Privacy

Convenience and Privacy in Online Business Communications: Are They Mutually Exclusive?

Privacy and Convenience can both exist in business collaboration.

Using online communication tools at the office has become second nature—it just makes life easier and business more efficient. Need to drop a quick note to a co-worker with a project update? Send it on Slack. Need to discuss a deal with a potential client halfway across the country? Set up a meeting on Zoom. But as we look a little closer  we  become quickly aware of the potential risks of sharing  business information online . We’re now at a turning point where consumers and businesses alike are realizing that they don’t want to  sacrifice the security of their sensitive information for the sake of convenience. But the question is: Do they have to?

Convenience vs Privacy

All too often, companies creating communications tools opt for ease-of-use at the cost of privacy and security. Just last week, it came to light that Zoom, in an attempt to make Mac users’ experience  more seamless, set up a workaround for a privacy feature on Safari web browser—which  inadvertently allowed would-be hackers to gain access to a video chat or meeting. This Zoom glitch—and the response it generated—raises the question of whether there must be a trade-off between convenience and privacy when it comes to business collaboration online. These kinds of situations—where convenience is prioritized over security and privacy isn’t limited to Zoom—they’re more a trend of the trade. Slack, another prominent business collaboration tool, stores conversations to make them easy-to-access, but in the process puts them at risk of being leaked or hacked. Organizations should evaluate how online tools view convenience and privacy to ensure that they align with their own policies and views.  

The People Want Privacy

The Zoom security flaw wasn’t anything out of the ordinary for a company—it was the kind of bug companies find themselves and fix regularly. What’s different about it, though, is that the company defended its decision, claiming the vulnerability was ‘low-risk’, before making a complete 180 and pushing out an emergency patch. The news about Zoom came on the heels of revelations that Google and Amazon home assistant products use employees to monitor customer conversations—so it’s no surprise that consumers are becoming increasingly aware of the possible cost that comes with the tools that make our lives so much more convenient—our privacy.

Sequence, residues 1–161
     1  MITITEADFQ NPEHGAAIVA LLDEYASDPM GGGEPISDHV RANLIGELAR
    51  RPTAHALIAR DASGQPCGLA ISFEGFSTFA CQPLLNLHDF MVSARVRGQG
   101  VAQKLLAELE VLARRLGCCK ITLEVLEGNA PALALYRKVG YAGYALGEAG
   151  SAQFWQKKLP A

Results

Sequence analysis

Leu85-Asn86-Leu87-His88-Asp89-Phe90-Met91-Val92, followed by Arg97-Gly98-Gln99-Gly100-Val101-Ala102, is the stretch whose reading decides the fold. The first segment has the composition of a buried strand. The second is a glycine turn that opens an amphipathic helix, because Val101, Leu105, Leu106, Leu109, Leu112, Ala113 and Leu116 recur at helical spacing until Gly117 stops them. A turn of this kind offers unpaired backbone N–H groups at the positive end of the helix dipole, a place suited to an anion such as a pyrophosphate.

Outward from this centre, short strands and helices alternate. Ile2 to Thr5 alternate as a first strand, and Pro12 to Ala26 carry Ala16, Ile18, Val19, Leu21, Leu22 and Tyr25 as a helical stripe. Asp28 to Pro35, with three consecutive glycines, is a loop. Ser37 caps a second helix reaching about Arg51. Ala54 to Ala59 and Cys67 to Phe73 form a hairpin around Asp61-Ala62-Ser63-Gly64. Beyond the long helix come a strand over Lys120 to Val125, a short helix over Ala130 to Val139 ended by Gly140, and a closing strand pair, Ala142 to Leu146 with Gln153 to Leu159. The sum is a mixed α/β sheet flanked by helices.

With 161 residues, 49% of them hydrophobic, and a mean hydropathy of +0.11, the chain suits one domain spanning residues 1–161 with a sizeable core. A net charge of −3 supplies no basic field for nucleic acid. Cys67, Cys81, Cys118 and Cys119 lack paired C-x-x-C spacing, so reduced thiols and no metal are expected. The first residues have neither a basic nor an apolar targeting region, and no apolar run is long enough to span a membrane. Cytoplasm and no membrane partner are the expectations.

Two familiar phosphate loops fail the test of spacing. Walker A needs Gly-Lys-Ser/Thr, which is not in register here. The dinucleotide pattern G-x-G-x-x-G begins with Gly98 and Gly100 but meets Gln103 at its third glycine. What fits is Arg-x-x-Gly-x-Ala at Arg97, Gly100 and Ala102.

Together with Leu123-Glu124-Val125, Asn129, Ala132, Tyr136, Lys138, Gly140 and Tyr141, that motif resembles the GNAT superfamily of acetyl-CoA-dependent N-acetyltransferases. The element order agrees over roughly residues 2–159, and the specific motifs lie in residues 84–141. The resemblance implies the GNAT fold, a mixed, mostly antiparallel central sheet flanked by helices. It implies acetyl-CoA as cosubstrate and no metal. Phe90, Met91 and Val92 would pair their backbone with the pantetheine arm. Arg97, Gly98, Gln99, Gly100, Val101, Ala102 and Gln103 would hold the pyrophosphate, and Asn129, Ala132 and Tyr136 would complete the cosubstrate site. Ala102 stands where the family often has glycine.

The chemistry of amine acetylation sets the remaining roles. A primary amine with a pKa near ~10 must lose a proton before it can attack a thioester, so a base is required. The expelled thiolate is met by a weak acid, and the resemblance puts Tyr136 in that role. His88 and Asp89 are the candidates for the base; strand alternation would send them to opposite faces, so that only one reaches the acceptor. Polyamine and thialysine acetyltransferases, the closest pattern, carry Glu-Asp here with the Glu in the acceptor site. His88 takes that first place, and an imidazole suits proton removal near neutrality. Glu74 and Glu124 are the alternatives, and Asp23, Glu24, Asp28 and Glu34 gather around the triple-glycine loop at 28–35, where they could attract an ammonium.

Where people once handed over privacy and security without a second thought in exchange for convenience, people and organizations are now thinking twice about whether convenience is really worth risking sensitive information. And their concern has had an impact—according to Zoom’s Chief Information Officer, the decision to push an emergency patch was “based on the feedback of the people who have been following this and contributing to the discussion”.

So, Does it Have to be One or the Other?

The general trend of business collaboration tools –Zoom, Slack, WhatsApp–seems to suggest that yes—consumers often have to choose between convenience and security—but at Vaporstream, we disagree. We know that convenience can exist side-by-side with security and privacy, which is why we’ve developed a secure communication solution that allows you to collaborate with your team from your mobile device, tablet or desktop—sharing ideas,  and making joint decisions—securely, confidentially andeasily. Our solution is simple to install and intuitive to use, making it easy to send and receive messages without any risk of your information being leaked or hacked. To learn what makes us both easy to use and secure, download our NowSecure Case Study here

Contributor: Kristi Perdue Hinkle